Our daily round-up of bookish links. Tastes great with coffee.
“During the late 19th century and early 20th century, lesbians were entirely unrepresented in science fiction, with homosexuality an act only depraved men engaged in.”
I’d like to sit this sentence down for a nice chat. I’d ask it “do you know that by giving us a time range like this you imply that there were representations of lesbians in science fiction before the the late 19th Century? And that you are implying, even though I think you are referencing the nature of the portrayals of gay men in science fiction, that all pre-mid 20th Century homosexuals were depraved?” I would then give it milk and cookies and pat it on its head and sigh.
“Austen fans can read Fraiman’s lively and illuminating notes right in the margins of the book. Ever wonder what shoe roses are? How to tell a phaeton from a barouche?”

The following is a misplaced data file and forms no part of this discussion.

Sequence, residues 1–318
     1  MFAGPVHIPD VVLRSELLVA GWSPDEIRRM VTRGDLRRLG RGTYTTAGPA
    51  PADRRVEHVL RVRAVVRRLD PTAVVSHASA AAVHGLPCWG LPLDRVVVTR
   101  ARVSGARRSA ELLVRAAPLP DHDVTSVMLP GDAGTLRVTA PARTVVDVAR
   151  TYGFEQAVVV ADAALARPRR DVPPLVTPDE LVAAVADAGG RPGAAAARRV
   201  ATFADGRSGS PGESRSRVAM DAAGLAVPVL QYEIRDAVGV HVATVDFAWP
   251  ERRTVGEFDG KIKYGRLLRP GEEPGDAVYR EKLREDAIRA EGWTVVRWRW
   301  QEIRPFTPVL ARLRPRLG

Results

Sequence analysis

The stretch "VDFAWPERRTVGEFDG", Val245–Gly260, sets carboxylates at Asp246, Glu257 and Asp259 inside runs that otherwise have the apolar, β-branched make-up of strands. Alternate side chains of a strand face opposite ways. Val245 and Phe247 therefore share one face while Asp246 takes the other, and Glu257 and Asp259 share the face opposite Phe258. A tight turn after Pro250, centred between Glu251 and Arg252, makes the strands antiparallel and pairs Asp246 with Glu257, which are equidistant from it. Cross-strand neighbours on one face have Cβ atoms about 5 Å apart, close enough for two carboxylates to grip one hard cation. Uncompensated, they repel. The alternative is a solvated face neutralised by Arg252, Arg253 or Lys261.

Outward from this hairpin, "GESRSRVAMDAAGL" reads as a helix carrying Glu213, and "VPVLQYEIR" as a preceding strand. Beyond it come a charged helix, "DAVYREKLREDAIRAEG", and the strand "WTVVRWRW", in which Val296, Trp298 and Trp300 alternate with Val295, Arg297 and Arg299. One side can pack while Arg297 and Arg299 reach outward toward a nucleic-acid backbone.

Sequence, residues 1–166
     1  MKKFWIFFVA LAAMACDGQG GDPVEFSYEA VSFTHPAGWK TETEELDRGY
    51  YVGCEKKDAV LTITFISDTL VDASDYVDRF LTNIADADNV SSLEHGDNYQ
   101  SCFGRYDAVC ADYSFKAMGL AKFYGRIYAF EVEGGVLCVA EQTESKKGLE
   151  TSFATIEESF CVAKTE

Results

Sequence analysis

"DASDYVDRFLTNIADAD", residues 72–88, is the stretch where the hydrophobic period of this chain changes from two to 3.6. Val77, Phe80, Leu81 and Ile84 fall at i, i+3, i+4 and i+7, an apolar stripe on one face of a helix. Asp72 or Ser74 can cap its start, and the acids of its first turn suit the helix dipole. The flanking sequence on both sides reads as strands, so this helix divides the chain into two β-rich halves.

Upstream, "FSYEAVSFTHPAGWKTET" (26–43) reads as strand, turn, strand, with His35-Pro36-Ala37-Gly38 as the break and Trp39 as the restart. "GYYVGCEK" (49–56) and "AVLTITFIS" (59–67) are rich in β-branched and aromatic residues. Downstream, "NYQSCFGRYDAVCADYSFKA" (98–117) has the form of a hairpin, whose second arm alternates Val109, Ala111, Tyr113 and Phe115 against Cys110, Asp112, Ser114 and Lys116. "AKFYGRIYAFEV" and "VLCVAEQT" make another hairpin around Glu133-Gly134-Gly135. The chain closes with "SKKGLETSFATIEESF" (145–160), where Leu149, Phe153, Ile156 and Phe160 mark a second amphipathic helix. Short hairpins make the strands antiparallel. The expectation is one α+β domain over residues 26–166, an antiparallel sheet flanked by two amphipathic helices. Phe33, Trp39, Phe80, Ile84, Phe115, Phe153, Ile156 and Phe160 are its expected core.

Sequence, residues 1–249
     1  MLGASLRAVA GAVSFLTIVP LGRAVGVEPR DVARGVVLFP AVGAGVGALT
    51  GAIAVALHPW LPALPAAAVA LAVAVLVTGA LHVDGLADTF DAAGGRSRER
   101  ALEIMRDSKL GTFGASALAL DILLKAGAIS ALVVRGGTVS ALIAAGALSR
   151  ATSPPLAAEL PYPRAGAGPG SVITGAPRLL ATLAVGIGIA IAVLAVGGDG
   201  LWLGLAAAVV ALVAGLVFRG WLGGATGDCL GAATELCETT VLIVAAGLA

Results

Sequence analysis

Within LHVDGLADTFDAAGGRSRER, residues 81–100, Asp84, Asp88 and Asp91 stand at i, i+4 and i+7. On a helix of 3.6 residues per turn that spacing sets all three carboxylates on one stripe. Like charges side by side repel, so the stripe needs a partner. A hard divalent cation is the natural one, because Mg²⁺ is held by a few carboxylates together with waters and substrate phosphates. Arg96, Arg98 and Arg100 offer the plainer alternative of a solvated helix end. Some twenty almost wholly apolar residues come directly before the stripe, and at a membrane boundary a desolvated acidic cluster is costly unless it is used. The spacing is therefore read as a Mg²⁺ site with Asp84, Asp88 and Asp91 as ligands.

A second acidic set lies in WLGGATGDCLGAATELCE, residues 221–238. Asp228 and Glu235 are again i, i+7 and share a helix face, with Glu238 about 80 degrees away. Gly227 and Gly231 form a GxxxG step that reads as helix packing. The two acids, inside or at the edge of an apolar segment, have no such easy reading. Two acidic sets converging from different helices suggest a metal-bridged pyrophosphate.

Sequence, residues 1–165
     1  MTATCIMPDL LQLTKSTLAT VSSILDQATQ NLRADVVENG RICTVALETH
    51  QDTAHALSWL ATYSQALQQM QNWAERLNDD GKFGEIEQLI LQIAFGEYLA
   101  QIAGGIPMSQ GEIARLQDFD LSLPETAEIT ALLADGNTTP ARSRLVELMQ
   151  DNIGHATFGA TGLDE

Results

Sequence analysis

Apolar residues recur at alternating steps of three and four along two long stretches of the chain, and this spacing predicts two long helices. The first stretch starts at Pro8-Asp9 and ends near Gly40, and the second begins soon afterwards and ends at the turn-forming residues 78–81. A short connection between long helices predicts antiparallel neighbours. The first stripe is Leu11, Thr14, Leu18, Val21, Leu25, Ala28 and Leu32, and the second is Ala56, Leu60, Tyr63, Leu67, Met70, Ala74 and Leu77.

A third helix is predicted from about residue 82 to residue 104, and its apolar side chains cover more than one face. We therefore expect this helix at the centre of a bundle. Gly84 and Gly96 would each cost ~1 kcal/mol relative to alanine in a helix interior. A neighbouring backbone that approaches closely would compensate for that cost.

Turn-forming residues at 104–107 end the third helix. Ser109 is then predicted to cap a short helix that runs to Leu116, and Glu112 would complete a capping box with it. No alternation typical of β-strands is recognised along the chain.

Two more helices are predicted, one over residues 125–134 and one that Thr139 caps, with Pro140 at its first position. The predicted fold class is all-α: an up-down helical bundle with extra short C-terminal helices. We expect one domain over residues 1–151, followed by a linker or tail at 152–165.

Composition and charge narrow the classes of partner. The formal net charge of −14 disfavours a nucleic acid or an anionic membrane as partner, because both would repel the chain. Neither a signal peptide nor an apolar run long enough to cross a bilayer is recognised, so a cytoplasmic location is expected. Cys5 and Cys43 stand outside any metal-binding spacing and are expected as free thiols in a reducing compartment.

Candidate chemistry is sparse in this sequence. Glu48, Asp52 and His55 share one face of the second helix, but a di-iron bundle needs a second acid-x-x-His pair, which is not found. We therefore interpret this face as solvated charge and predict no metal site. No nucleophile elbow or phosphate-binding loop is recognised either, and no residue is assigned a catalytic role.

This annotated digital edition of Pride and Prejudice sounds really cool. I wonder if it will finally explain which one was too proud and which one was too prejudiced.
“Based on Grossman’s book, which is described as Harry Potter for grown-ups, the one-hour drama follows a group of 20-somethings in New York who study magic and have access to a magical world.”
I bet this adaptation of Lev Grossman’s The Magicians will do well. But it won’t be as popular as my new literary drinking game in which everytime someone refers to something as “Harry Potter for grown-ups,” JK Rowling does a shot of butterbeer out of The Goblet of Fire. (via The Millions)
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